milliseconds. The first one shows around the 15,000 item although it is
not always the same. I also write the value out to a log file and they
all seem fine.
I have a try catch but nothing seems to get thrown although I do get a
flash of my application which is typical when an exception has occurred.

Is there any further way of debugging this?

I'm desperate for help.
Thanks,
Joe


Dec 4 '05 #3

P: n/a
Hi Joe,

I think you can try avoid so much time of string concatenate operation like:

("item" + i.ToString(),

in the serizliation code since such operation will consume much memorty and
will hit peformance also....

as for basic types, boxing, unboxing is also time consuming, are you using
.net framework 1.1 or 2.0? Maybe the generic collection in 2.0 will be more
suitable for such collection...

Thanks,

Steven Cheng
Microsoft Online Support

Get Secure! www.microsoft.com/security
(This posting is provided "AS IS", with no warranties, and confers no
rights.)

--------------------
| From: "Joe" <jb*******@noemail.noemail>
| References: <OS**************@TK2MSFTNGP10.phx.gbl>
<OW*************@TK2MSFTNGP11.phx.gbl>
| Subject: Re: Serialization problem continues
| Date: Sun, 4 Dec 2005 13:13:51 -0500
| Lines: 80
| X-Priority: 3
| X-MSMail-Priority: Normal
| X-Newsreader: Microsoft Outlook Express 6.00.3790.1830
| X-MimeOLE: Produced By Microsoft MimeOLE V6.00.3790.1830
| X-RFC2646: Format=Flowed; Response
| Message-ID: <e4**************@tk2msftngp13.phx.gbl>
| Newsgroups: microsoft.public.dotnet.languages.csharp
| NNTP-Posting-Host: 69.37.58.70.adsl.snet.net 69.37.58.70
| Path: TK2MSFTNGXA02.phx.gbl!TK2MSFTNGP08.phx.gbl!tk2msft ngp13.phx.gbl
| Xref: TK2MSFTNGXA02.phx.gbl
microsoft.public.dotnet.languages.csharp:369298
| X-Tomcat-NG: microsoft.public.dotnet.languages.csharp
|
| Hi Nicholas,
|
| It takes any where from 65-98 seconds to write this. There are 30 of
these
| that need to be written. The strangest part about this is that the entire
| process on a Windows 2003 server takes about 1.5 - 2.5 seconds but on XP
Pro
| or Win 2k pro it takes much, much longer like up to 30+ minutes.
|
| The machine I'm testing on now has dual Xeon 3.0 GHz with 2gig ram. One
of
| the servers (where it take 2 seconds) if a 1.7 GHz with 1gig ram.
|
| I've done other testing where I create another class inherit from
| CollectionBase, add 100,000 values to it and serialize it and it's done
in
| ~1.5 seconds. For the most part it's the same class just with bogus data.
|
| -Joe
|
| "Nicholas Paldino [.NET/C# MVP]" <mv*@spam.guard.caspershouse.com> wrote
in
| message news:OW***************@TK2MSFTNGP11.phx.gbl...
| > Joe,
| >
| > What is the total time you are seeing when it comes to serializing
| > these objects? 60000 objects is going to take some time, no matter how
| > you cut it (even if they are small). Chances are that you don't need
to
| > implement custom serialization in this case either.
| >
| > You might get some speed increase by creating a byte array to store
the
| > information, and serializing the information yourself. However, this
| > would require you to keep in mind the type information, and as well as
the
| > order that you are serializing the information in. This would allow
you
| > to not have to store the type information for each item that is being
| > serialized.
| >
| > However, this might not be enough. The SerializationInfo instance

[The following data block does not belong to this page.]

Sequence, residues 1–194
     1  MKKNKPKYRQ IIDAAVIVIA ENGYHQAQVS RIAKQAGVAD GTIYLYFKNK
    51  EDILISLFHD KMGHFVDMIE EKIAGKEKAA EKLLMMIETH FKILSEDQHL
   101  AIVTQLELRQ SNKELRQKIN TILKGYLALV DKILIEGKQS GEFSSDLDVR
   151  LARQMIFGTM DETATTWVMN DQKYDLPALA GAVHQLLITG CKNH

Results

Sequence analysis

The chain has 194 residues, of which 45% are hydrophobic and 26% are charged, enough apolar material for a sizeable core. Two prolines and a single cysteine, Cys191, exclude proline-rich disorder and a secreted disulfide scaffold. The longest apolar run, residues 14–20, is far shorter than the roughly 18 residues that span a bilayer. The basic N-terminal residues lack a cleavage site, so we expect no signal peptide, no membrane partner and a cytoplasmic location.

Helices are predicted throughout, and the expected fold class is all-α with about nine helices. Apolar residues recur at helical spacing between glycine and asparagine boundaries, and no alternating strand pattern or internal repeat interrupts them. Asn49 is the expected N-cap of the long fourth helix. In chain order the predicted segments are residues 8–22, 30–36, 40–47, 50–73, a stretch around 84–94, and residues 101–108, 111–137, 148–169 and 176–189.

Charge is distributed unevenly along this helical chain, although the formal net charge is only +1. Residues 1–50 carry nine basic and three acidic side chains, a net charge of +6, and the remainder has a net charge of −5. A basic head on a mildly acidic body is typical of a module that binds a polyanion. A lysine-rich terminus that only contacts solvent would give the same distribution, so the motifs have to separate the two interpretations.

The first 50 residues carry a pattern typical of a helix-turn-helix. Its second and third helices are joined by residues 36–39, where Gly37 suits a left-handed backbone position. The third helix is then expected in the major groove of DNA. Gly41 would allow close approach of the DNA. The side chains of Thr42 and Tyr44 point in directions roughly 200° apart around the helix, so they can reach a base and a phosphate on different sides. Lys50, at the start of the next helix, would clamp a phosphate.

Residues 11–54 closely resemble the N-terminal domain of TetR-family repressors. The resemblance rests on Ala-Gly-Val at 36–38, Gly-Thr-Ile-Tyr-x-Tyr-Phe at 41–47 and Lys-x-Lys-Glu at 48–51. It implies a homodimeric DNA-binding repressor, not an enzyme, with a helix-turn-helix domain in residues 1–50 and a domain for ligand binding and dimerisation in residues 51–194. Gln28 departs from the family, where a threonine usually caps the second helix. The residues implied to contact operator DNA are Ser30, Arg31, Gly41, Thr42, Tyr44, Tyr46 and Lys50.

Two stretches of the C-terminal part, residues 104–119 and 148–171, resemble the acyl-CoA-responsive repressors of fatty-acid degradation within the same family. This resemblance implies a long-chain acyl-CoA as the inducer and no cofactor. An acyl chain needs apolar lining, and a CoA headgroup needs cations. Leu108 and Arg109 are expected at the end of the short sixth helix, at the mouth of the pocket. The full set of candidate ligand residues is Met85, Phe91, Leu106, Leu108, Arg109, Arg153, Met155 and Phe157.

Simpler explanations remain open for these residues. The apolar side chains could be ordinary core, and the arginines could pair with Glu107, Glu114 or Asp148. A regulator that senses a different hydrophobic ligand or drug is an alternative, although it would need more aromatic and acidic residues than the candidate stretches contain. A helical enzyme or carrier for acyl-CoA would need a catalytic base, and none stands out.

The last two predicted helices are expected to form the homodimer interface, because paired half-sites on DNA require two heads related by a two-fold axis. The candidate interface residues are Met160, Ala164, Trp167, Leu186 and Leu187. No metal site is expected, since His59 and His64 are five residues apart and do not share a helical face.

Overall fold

| > stores the information in a hashtable, and that hashtable expands as
you
| > add items to it, copying the elements over when more memory is needed.
| >
| > Anyways, 60000 is a large amount of objects, and you are going to
have
| > to pay a price somewhere along the line for that.
| >
| >
| > --
| > - Nicholas Paldino [.NET/C# MVP]
| > - mv*@spam.guard.caspershouse.com
| >
| >
| > "Joe" <jb*******@noemail.noemail> wrote in message
| > news:OS****************@TK2MSFTNGP10.phx.gbl...
| >> I've tracked the performance issue down to a single class. This class
| >> derives from CollectionBase and stores a basic value type such as
string,
| >> int, double, etc... I also store the type itself which you can see I'm
| >> using when calling AddValue.
| >>
| >> I implemented ISerializable and GeteObjectData.
| >> Here's what I tried:
| >>
| >> for (int i = 0; i < this.Count; i++)
| >> info.AddValue("item" + i.ToString(), this[i], typeof(type) );
| >>
| >> Count = ~60,000
| >>
| >> I added some logging to see how long it takes and get some interesting
| >> results but can't find the problem.
| >> Using basic DateTime for start and end I check the TotalMilliseconds
for
| >> each call to AddValue and most show as 0 but ~6000 show as taking
15.625
| >> milliseconds. The first one shows around the 15,000 item although it
is
| >> not always the same. I also write the value out to a log file and they
| >> all seem fine.
| >> I have a try catch but nothing seems to get thrown although I do get a
| >> flash of my application which is typical when an exception has
occurred.
| >>
| >> Is there any further way of debugging this?
| >>
| >> I'm desperate for help.
| >> Thanks,
| >> Joe
| >>
| >
| >
|
|
|

Dec 5 '05 #4

P: n/a
Joe
Hi Steven,

I'm only using the GetObjectData to try and track down the performance
issue. I tried several different types of collection classes and non seem to
improve performance at all. I'm using VS 2003 .NET 1.1. w/SP1

There is some other issue here which I can't seem to pin point. I can
serialize similar data (same and more data points) in seconds.

Based on my testing it seems there is an issue with the data itself. The
data in the classes were read in from Excel which originated in Oracle. Any
null values are being replaces with a default value such as 0 for numerical
and " " for a string.

This still doesn't explain why all Windows server machines perform the
serialization in seconds and non server takes 20+ minutes for the exact
data.

-Joe

"Steven Cheng[MSFT]" <st*****@online.microsoft.com> wrote in message
news:7Q****************@TK2MSFTNGXA02.phx.gbl...
Hi Joe,

I think you can try avoid so much time of string concatenate operation
like:

("item" + i.ToString(),